PMCID: PMC3360000  PMID: 22655078
16.  Influenza vaccination of healthcare workers in acute-care hospitals: a case-control study of its effect on hospital-acquired influenza among patients 
In acute-care hospitals, no evidence of a protective effect of healthcare worker (HCW) vaccination on hospital-acquired influenza (HAI) in patients has been documented. Our study objective was to ascertain the effectiveness of influenza vaccination of HCW on HAI among patients.
A nested case-control investigation was implemented in a prospective surveillance study of influenza-like illness (ILI) in a tertiary acute-care university hospital. Cases were patients with virologically-confirmed influenza occurring ≥ 72 h after admission, and controls were patients with ILI presenting during hospitalisation with negative influenza results after nasal swab testing. Four controls per case, matched per influenza season (2004-05, 2005-06 and 2006-07), were randomly selected. Univariate and multivariate conditional logistic regression models were fitted to assess factors associated with HAI among patients.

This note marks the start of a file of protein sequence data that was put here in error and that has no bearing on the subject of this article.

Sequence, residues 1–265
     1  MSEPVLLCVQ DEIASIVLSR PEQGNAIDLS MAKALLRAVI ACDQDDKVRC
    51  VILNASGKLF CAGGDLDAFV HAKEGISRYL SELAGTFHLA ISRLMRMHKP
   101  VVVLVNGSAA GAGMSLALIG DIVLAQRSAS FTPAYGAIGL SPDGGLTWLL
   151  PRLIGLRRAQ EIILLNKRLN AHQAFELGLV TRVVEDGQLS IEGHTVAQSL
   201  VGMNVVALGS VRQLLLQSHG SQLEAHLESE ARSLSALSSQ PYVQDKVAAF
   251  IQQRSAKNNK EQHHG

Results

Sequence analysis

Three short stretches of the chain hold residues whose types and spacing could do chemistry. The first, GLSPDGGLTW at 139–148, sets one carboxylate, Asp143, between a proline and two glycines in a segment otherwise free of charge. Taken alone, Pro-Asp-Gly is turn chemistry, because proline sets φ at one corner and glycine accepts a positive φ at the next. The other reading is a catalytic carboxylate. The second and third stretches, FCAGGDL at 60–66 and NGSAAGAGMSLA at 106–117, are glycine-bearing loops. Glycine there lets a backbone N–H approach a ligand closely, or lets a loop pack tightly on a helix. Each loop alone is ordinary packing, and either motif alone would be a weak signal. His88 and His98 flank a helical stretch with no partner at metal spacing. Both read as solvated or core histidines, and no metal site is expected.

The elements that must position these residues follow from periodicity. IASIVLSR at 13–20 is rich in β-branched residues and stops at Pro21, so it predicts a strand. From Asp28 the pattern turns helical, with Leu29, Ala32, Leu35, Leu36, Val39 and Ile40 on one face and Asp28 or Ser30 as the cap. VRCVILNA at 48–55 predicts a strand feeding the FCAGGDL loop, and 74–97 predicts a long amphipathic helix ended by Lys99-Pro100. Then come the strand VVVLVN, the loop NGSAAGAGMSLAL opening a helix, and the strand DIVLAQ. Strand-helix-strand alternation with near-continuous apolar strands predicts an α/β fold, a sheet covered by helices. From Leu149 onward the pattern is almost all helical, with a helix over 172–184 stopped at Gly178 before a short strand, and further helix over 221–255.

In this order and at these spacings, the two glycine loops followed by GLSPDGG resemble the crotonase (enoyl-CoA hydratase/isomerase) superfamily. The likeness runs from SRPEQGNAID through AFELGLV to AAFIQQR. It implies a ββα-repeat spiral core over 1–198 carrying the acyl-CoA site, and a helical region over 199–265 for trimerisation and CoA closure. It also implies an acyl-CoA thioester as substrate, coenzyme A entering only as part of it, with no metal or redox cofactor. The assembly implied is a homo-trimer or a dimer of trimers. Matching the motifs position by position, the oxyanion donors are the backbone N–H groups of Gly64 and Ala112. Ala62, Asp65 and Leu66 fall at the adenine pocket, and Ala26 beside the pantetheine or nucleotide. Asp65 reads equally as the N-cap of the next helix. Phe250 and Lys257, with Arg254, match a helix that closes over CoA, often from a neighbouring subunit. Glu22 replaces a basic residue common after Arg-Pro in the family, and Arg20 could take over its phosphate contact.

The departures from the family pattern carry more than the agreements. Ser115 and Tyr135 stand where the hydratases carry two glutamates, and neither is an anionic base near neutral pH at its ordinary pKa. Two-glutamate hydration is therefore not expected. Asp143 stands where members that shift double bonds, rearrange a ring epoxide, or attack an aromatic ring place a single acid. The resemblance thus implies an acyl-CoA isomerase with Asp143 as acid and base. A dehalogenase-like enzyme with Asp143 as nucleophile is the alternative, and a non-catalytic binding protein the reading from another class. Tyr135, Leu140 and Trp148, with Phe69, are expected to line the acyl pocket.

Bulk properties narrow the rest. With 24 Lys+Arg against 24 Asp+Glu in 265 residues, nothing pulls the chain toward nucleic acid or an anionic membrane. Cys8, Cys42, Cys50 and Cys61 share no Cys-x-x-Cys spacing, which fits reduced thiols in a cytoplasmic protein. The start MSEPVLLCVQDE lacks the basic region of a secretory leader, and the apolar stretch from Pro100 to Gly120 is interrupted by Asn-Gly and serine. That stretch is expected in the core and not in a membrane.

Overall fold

In total, among 55 patients analysed, 11 (20%) had laboratory-confirmed HAI. The median HCW vaccination rate in the units was 36%. The median proportion of vaccinated HCW in these units was 11.5% for cases vs. 36.1% for the controls (P = 0.11); 2 (20%) cases and 21 (48%) controls were vaccinated against influenza in the current season (P = 0.16). The proportion of ≥ 35% vaccinated HCW in short-stay units appeared to protect against HAI among patients (odds ratio = 0.07; 95% confidence interval 0.005-0.98), independently of patient age, influenza season and potential influenza source in the units.